cally pure 2-arylalkanoic acids.lS1 The method has also
been successfully applied to the industrial manufacturing
of optically pure (2s)-( +)-2-(6-methoxy-2-naphthyl)propanoic acid (Naproxen),lS1which is the most important of
the optically active 2-arylalkanoic acids.171
Moreover, a-bromo acetals 3 and 4 have been hydrolyzed to the corresponding optically active a-bromo ketones,@'thus extending the synthetic scope of the reaction.
Thus, the mixture of 3a and 4a (Table 1 ) was hydrolyzed,
without racemization, by treatment with methanesulfonic
acid in methanol.[91
Received: November 5 , 1985;
supplemented. December 18, 1985 [Z 1521 IE]
German version: Angew. Chem. 98 (1986) 273
[I] C. Giordano, G. Castaldi, F. Uggeri, Angew. Chem. 96 (1984) 413; Angew.
Chem. Inf. Ed. Engl. 23 (1984) 413.
(21 The alkyl aryl acetals 1 were prepared by reacting the corresponding alkyl aryl ketones with the dirnethyl ester of tartaric acid in the presence of
trimethyl orthoformate and an acid catalyst.
[3] For a review article on the use of tartaric acid in asymmetric syntheses,
see D. Seebach, E. Hungerbiihler in R. Scheffold (Ed.): Modern S p h e r i c
Methods. Vol. 2, Salle/Sauerlander, Aarau 1980, p. 91-171; for the use of
chiral acetals in other asymmetric syntheses, see: J. Fujiwara, Y Fukutani,
M. Hasegawa, K. Maruoka, H. Yamamoto, J. Am. Cbem. SOC.106 (1984)
5004; 1. Arai, A. Mori, H. Yarnamoto, ibid. 107 (1985) 8254: E. A. Mash,
K. A. Nelson, ibid. 107 (1985) 8256; M. Suzuki, K. Kimura, S. Terashima,
Tetrahedron Lett. 52 (1985) 6481.
[4] All products were fully characterized by 'H-NMR, IR, and mass spectroscopy as well as by HPLC and elemental analyses.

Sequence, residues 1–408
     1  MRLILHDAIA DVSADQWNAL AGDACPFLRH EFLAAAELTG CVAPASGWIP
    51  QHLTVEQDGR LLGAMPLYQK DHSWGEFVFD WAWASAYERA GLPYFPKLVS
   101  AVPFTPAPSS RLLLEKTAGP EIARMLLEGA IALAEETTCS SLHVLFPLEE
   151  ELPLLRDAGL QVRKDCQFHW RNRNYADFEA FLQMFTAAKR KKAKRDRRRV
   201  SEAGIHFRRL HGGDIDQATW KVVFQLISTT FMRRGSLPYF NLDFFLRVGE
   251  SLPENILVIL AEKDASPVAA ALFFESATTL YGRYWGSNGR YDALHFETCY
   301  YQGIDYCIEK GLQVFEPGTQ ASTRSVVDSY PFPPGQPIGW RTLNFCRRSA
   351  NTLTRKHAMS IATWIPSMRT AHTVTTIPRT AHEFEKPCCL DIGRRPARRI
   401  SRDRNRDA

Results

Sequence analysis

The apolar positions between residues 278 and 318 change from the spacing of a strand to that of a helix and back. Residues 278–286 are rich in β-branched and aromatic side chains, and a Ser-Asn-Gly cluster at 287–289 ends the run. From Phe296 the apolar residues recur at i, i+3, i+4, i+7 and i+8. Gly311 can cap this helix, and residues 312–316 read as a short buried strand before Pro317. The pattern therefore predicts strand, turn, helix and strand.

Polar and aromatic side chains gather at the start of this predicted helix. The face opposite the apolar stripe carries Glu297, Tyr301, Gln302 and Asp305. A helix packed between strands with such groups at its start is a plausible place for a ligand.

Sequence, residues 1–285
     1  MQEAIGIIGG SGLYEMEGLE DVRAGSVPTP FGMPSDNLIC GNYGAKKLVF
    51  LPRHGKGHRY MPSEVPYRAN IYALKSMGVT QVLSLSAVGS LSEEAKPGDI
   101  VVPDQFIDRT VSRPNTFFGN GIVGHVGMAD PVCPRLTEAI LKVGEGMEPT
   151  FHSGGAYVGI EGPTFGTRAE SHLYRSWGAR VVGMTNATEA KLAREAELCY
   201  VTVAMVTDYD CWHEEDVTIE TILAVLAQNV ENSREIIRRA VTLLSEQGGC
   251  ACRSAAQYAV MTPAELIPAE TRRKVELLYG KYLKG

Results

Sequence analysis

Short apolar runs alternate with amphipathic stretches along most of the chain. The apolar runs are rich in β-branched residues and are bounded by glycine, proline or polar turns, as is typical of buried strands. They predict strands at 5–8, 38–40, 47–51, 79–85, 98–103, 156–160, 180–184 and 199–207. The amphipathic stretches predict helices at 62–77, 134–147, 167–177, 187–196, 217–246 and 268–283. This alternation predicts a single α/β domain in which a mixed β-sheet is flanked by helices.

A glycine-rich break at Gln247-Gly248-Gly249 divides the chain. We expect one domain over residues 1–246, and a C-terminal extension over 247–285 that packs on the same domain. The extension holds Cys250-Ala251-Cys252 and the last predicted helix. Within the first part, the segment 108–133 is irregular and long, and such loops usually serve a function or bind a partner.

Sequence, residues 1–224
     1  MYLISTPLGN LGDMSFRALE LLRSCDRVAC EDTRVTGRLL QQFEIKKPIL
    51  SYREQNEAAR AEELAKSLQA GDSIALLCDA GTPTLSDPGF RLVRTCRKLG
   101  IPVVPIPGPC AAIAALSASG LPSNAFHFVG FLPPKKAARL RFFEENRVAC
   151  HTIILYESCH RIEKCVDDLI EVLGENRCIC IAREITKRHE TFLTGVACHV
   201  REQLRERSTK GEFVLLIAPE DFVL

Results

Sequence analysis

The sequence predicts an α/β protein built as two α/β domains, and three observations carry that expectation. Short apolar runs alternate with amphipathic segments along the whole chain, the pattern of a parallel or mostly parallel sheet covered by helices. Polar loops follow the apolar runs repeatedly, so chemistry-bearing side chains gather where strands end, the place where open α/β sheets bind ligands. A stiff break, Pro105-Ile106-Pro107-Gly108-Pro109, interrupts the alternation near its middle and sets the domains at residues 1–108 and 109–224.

[5] G. Castaldi, S. Cavicchioli, C. Giordano, F. Uggeri, Eur. Pat. 158913
(1985), Zdmbon Chimica; G. Castaldi, S. Cavicchioli, C. Giordano, F.
Uggeri, unpublished.
0 VCH Verlagsgesellschafi mbH. 0-6940 Wernheim, I986
0570-0833/86/0303-0259 $ 02 50/0
259
161 J. D. Morrison, H. S. Mosher (Eds.): Asymmetric Organic Reaclrons.
American Chemical Society, Washington D.C. 1976; J. D. Morrison
(Ed.): Asymmetric Synthesis. Vols. 1-5, Academic Press, New York 19831985.
[7] T. Y. Shen, Angew. Chem. 84 (1972) 512; Angew. Chem. Int. Ed. Engl. I 1
(1972) 460; S. H. Ferreira, J. R. Vane: Antiinflammnto<v Drugs. Springer.
Berlin 1979, p. 321.
[8] G. Castaldi, C. Giordano, S. Cavicchioli, unpublished.
19) Exper.imenfa1 procedure: A 90: 10 mixture of 3a and 4a (10 mmolj was
added to a solution of methanol ( 5 mL) in methanesulfonic acid (20 nlL).
T h e reaction mixture was stirred at 20°C for 18 h and then poured onto
crushed ice and extracted with dichloromethane. The organic phase was
washed with water and a 2% NaHCO, solution and dried over sodium
sulfate. Evaporation of the solvent in vacuo gave 2.8 g (75%) of 2-(S)( )-2-bromo- 1-(5-bromo-6-methoxy-2-naphthyl)propan-1-one.[a];?=
+ 130" (c=0.5, CHCI,). The enantiomeric excess was 80% as determined
by 'H-NMR analysis with the optically active shift reagent Eu(hfc)?.
cp-
h v (UV)
i
1
2
3, M = Fe
+
I
-
I
Metal Dependence of Cyclometalation
and Arene C-H Activation in the Photolysis of
C ~ ~ - H ~ M I P ( C H ~ C H ~ C(M
H ~=PFe,
M~
Ru)
~)~~
in Benzene""
5
6
By Martin Antberg and Lutz Dahlenburg*
The cleavage of hydrocarbon C-H bonds at metal centers is currently the subject of much research in organometallic chemistry. Besides a few derivatives of "hard" metal
ions,"] the Ir' and Rh' complex fragments (C,R,)(L)M
(R=H, Me; L=CO, PMe3)Iz1have proved particularly potent as arene and alkane activators. Also promising are the
Ruo and 0s' species (C,&)(L)M ( L = a l k y l p h ~ s p h a n e ) [ ~ ~
and the tetrakis (P ligand) systems L4M of iron, ruthenium,
and osmium. The latter often undergo intramolecular
isomerization, however, to give cyclometalated hydridometal(l1) complexes,[41 so that only the 16e fragment
(Me2PCH2CH2PMe2)2M (M=Fe, Ru, O S ) [ ~ " -and
~~
[(MeO),P],(Me,P),M (M = Ru, OS)'~'']have proved suitable
so far for the intermolecular C-H cleavage.
We have now found that the photolytic dehydrogenation
of the cis-dihydrides (pp3)FeH2 1[6b1and (pp3)RuH2 2@'l
(both of which are stabilized by our "pp3" ligand
P(CH2CH2CH2PMe2)316a1)
in C6H6 leads, depending on the
central metal atom, to either intra- or intermolecular C-H